Now you wouldn’t raise a red flag in a bull ring and not expect a violent reaction on the part of the bull. Yes, the seemingly reasonable and calm, Flemming Rose, the arts editor of the Copenhagen Daily, Jyllands-Posten, with the agreement of the newspaper’s editor, Carsten Juste, did just this sort of thing on September 30th of last year by publishing twelve images of the Prophet. Whether or not he was perfectly within his rights to publish what now are referred to as the Mohammed Cartoons is not the point. Although in his defense he couldn’t possibly have known, in view of the consequences still raging today nearly five months later, the result of what he was doing. The images of the Prophet were a red flag, and just as red flags will arouse the bull, so in this case the cartoon images aroused the anger of the Muslims, first in Denmark, then months later in the Middle East and on throughout the entire Muslim world. The current state of the world is, and probably has always been, like a bull ring in that at any moment the bull may be aroused by someone’s ill-considered action and only calmed down after a good amount of blood has been shed. At the present time, “There is,” in the words of Robert Wright writing in the New York Times, ”if not a clash of civilizations, at least a very big gap between the ‘Western world’ and the ‘Muslim world’.” Publishing caricatures of the Prophet Mohammed is no way to bridge this gap, and in hindsight the Danish newspaper editors, and their imitators at other publications in Europe and elsewhere, did a reckless and thoroughly foolhardy thing.
Why did they do it? Why did the editors of a small newspaper in a small country, pretty much out of the line of fire during the wars of the past and the wars of the present, why did they enter the ring in this manner? Well the most common explanation one hears is that we in the West, Danes, Europeans, and Americans, need to show that we are free to publish whatever we want, and that in order to preserve this freedom we have to use it, and not allow our freedom to publish weaken in the slightest through lack of use. Roger Köppel, the editor of the German newspaper, Die Welt, said it most bluntly, “It is the core of our culture that the most sacred things can be subjected to criticism, laughter and satire. If we stop using our right to freedom of expression within our legal boundaries then we start to develop an appeasement mentality.” And many others have picked up on that, their mantra being, avoid appeasement at all costs. Tony Blankley writing for the rightist internet publication, Townhall, reminds us that Britain’s decision to appease Hitler’s demand for the Sudetenland in October of 1938 did not buy peace but only encouraged further Nazi aggression, because Nazi demands were unlimited and non-negotiable. The implication is that Muslim’s demands on us are similarly unlimited and non-negotiable, and that regardless of the wisdom of the original decision to publish the cartoons there is no backing away now from defending our right to do so, if we would hold on to that right and not allow it to slowly wither and die from disuse. Well, to push the appeasement button in this affair of the Mohammed Cartoons is a red herring, diverting attention from more substantial and interesting topics and issues underneath. Even though we are at war with al-Qaida terrorists and their ilk this talk of appeasement wages the wrong battle at the wrong time. The wrong time because of the on-going Israeli Palestinian conflict and the War in Iraq, to say nothing of the situation along the mountainous border region between Afghanistan and Pakistan. The position of the West in all three conflicts has not been helped by the Cartoon War. The wrong battle, too. The right battle would have been, and would still be, to seek to bridge that gap, not open it up even further and thereby make any future bridging even less likely to happen. This is not Munich in 1938. In this affair of the Cartoons there is no Sudetenland of immense strategic importance being lost to our enemies.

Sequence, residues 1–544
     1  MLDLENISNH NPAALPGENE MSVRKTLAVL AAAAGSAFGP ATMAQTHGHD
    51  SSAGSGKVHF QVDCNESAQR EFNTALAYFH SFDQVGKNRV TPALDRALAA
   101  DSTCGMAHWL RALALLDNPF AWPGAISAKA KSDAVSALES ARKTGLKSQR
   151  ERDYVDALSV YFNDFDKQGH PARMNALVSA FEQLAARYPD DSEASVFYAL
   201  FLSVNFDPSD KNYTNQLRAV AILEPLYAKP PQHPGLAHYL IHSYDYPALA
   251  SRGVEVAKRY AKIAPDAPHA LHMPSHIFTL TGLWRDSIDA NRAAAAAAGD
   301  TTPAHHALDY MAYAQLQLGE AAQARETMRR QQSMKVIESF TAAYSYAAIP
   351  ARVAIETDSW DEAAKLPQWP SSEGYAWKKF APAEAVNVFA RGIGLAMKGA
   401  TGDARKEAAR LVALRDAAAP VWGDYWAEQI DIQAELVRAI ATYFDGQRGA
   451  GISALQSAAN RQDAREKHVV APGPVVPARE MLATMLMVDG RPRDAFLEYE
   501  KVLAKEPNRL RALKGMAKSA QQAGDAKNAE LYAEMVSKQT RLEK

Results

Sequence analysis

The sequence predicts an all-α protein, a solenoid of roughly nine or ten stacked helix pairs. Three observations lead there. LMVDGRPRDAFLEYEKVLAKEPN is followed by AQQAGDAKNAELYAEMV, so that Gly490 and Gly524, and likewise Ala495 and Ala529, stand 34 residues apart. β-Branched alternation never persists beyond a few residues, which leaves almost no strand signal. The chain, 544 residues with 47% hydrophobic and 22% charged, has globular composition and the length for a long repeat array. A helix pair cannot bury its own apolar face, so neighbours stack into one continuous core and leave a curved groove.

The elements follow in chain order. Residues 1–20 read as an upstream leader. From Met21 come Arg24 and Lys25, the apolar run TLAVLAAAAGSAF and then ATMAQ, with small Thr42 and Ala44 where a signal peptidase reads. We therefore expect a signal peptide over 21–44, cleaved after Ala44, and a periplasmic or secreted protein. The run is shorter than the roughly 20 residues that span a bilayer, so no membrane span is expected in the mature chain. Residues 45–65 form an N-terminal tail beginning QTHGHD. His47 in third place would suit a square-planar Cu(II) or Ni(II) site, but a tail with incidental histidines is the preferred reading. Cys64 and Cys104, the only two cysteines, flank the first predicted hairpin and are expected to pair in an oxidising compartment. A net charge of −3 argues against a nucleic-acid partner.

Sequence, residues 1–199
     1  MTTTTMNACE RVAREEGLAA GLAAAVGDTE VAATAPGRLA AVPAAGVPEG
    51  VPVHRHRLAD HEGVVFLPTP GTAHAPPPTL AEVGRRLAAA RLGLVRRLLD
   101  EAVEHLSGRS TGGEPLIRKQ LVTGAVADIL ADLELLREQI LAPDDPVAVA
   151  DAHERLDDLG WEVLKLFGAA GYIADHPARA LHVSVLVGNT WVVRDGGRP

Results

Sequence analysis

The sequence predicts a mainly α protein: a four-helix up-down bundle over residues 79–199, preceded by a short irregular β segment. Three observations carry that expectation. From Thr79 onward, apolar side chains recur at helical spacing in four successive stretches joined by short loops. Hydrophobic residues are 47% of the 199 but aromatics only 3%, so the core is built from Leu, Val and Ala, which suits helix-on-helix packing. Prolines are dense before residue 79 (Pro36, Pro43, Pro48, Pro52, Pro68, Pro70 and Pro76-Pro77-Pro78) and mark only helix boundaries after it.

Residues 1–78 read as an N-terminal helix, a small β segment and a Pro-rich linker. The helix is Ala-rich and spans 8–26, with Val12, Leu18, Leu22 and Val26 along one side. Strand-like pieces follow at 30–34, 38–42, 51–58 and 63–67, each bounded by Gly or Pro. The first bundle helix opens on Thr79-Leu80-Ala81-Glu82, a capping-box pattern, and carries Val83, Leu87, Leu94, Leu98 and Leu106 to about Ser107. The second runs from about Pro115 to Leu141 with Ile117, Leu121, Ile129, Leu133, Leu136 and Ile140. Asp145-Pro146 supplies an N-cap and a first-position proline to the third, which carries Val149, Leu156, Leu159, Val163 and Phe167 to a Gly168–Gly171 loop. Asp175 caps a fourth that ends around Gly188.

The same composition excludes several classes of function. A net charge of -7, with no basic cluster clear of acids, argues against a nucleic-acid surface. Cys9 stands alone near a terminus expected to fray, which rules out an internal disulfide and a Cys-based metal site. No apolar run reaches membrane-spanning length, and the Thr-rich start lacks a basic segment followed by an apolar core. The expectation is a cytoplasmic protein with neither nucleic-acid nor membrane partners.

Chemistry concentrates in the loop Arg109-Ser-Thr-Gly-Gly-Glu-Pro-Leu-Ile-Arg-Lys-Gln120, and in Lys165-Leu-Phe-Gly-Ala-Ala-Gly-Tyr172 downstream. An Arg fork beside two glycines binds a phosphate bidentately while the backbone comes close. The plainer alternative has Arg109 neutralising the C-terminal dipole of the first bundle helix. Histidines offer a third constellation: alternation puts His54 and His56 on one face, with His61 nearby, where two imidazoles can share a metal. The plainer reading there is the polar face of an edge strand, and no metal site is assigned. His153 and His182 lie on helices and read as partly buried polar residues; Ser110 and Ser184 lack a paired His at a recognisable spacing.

Appeasement is just one example of the wrong word being used throughout the crisis. Another is “self-censorship.” Both show the power of words, and in both cases the wrong words, to arouse the passions. We won’t be charged with being appeasers, and we won’t restrict our right to publish whatever we want, especially within the borders of our own liberal democracies. But again, there is no appeasement here. Rather our recognition that the publication of the cartoons was insensitive and inappropriate, as many Western governments have wisely done, is best seen as a kind of affirmative action on our parts. There are many people in the world, billions of them in fact, and especially in those countries where Islam is the dominant religion, who are not even close to seeing the rightness of our rights, and the rightness of our defending these rights. Perhaps we have to help them get to this point, or at least respect and understand our position, but it’s going to take a long time. And if there is ever a chance of their being changed in this manner (for the better?) it will be in response to our making an effort in their behalf. In any case we lose nothing by that effort, for unlike Munich in 1938, there is in the case of the Cartoons no strategically valuable Sudetenland hanging in the balance. The other word, self-censorship, is just as misplaced, just as much of a Red Herring. We are told that Jyllands-Posten “dared to challenge the creeping self-censorhip that was undermining precious freedoms.” However, we haven’t yet seen examples of this loss of precious freedoms through self-censorship. Jasper Gerard in the Sunday Times of London, said “Islam is protected by an invisible blasphemy law that is called fear” the implication being that any self-censorship on our part came from our fear of retaliation. On the contrary, self-censorhip is much more a mark of civilized behavior. We do it all the time if we would live peaceably and happily with our families, with our neighbors, with our fellow countrymen, not to mention with those huge numbers of people living in other lands and immersed in other cultures. In general, self-censorship is simply another term for using the proper restraint in all our dealings with others, but especially when the others are not able to understand our point of view, especially in the instance before us. Muslims most of all adhere to the words and the life of the Prophet, or at least what they have understood of those words and that life. Westerners, Europeans, North Americans et al. adhere to the words of the Universal Declaration of the Rights of Man, and in particular to the First Amendment to the US Constitution that says, “Congress shall make no law respecting an establishment of religion, or prohibiting the free exercise thereof; or abridging the freedom of speech, or of the press; or the right of the people peaceably to assemble, and to petition the Government for a redress of grievances.” These different loyalties have created and continue to fuel the gap between the Muslim and Western worlds. All that we do should be aimed in good part at bridging that gap. On the other hand those cartoons, although trivial in themselves, have become the favored vehicle for promoting the destructive passions of the least gifted and least capable and intelligent players on both sides of what may yet turn out to be a war of civilizations. The cartoons should never have been printed. They were a mistake, and in that regard not too different from the Iraq War itself. Both the editors of the Jyllands-Posten newspaper and the proponents of the War wanted to promote the values of the West. They have in fact put these values at even greater risk than ever before.